It’s not uncommon to experience spoiled food now and then, especially when meal prepping. You’re not alone if you can relate to feeling pumped about having a healthy food supply, only to check back mid-week to discover mold and an unwelcome stench.
However, meal prepping can be a lifesaver when you adopt the right tips. And of course, you must only prep meals that have a good shelf life, such as:
There are several ways you can prep eggs to last the week.
When hard-boiling, it’s best to avoid peeling the shell; it keeps better this way. You can also bake frittatas or an egg muffin as reasonable breakfast options. Deviled eggs also keep well.
Preservation shouldn’t be a problem when you have airtight containers. And they can last a whole week when stored well. However, the frittata may not taste as good after the fifth day.
2. Lentils and pulses
Lentils, chickpeas, garden peas, kidney beans, and other pulses are healthy sources that are great for meal prepping. You can soak them – aside from split peas and lentils, soaking pulses overnight softens and gives them a creamy texture.
Dried lentils can be pre-cooked; add some herbs and salt to enhance the taste, and simmer for twenty to thirty minutes.
While packaging, add broth or water from the simmering stage to prevent the lentils and pulses from dehydrating. You should also put them in airtight containers and last three days in the fridge.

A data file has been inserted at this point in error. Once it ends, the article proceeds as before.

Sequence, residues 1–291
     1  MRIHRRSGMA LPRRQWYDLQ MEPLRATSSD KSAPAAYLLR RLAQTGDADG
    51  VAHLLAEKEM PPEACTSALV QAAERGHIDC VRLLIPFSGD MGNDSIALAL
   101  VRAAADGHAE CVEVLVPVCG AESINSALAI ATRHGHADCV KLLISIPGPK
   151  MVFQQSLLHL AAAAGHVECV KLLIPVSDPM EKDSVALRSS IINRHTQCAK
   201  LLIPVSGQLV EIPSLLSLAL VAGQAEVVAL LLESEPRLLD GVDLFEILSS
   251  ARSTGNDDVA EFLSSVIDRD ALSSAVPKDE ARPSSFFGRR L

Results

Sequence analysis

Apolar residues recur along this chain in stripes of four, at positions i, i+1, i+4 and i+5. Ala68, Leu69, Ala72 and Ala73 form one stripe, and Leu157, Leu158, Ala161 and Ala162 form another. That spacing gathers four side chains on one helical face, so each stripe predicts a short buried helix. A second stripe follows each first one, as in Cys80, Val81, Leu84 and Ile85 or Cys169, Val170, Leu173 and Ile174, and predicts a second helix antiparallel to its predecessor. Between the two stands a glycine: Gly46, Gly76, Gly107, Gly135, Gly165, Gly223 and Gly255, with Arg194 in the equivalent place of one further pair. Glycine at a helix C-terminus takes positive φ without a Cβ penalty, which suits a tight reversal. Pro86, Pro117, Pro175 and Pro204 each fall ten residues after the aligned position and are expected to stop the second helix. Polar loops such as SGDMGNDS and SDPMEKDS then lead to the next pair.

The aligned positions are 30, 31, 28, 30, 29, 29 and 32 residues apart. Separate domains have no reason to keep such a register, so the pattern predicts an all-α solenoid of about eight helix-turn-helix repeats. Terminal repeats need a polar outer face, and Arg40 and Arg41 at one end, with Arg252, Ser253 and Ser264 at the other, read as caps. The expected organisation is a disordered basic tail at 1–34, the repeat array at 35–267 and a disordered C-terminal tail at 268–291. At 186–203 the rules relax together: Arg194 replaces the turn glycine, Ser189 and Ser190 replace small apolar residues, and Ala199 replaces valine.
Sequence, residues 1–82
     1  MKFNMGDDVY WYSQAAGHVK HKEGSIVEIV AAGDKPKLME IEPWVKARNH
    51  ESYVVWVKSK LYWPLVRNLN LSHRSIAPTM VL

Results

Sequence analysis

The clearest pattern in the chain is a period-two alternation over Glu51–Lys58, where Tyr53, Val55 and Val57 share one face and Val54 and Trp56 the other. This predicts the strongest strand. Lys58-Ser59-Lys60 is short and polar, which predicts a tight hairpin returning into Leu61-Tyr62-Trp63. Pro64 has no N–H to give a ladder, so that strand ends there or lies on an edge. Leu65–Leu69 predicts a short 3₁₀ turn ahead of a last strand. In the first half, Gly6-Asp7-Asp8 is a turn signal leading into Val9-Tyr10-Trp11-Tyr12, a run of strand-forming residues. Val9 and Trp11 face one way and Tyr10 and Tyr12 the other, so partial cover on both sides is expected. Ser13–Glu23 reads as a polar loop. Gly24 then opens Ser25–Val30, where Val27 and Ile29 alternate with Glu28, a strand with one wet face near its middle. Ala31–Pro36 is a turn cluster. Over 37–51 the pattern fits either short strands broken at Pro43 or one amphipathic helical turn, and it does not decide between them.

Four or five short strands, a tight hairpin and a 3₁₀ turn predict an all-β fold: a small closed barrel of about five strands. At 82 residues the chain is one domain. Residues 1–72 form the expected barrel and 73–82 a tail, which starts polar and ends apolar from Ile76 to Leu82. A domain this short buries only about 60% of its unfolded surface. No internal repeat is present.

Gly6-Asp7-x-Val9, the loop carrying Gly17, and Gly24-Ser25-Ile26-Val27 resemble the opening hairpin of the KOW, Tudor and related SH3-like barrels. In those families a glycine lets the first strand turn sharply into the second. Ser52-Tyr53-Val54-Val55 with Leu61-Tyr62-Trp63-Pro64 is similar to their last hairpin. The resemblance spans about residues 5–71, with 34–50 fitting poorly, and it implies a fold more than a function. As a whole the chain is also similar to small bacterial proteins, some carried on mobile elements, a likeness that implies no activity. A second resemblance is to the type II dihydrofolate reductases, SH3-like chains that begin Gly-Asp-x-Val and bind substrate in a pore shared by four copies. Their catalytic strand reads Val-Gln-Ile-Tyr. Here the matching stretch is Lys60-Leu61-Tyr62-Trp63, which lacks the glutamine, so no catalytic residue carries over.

But in the freezer, lentils and pulses can keep for three months!
3. Ground meat
Ground meat is one of the ultimate foods for meal preppers because you can use it for anything – sauces, meatloaf, burgers, and stews, you name it.
And you only need to pre-cook until it turns evenly brown. Then, put it in freezer bags, squeeze out the air, seal, and freeze.
Chicken is a vital source of animal protein. It increases your meal options, too – pasta, salads, sandwiches, and grain bowls.
Although chicken breast is arguably the healthiest part, the thighs will be juicier even after spending some days in the freezer. Besides, you’ll get this part at a lower price.
It can be baked, slow-cooked, and poached; cut up the finished product and put the pieces in bags according to how you eat them. You can reheat them by spreading the pieces over a cookie sheet and covering them with foil.
5. Brown rice
White rice is less nutritious than brown rice because it has been processed. As such, meal preppers prefer the latter, which can be used for many dishes.
After boiling or cooking in a rice cooker, cool it and package it in an airtight or sealable container, and put it in the fridge.
Quinoa is excellent for cholesterol, blood sugar levels, diabetes, and cardiovascular diseases. It’s also loaded with antioxidants, making it popular among meal preppers.
Put a cup of rinsed quinoa in two cups of water and leave to soak overnight. Or, boil the grains and allow them to simmer until the water is absorbed. You can also use a rice cooker to prep this meal.
Store in an airtight container and put in the freezer.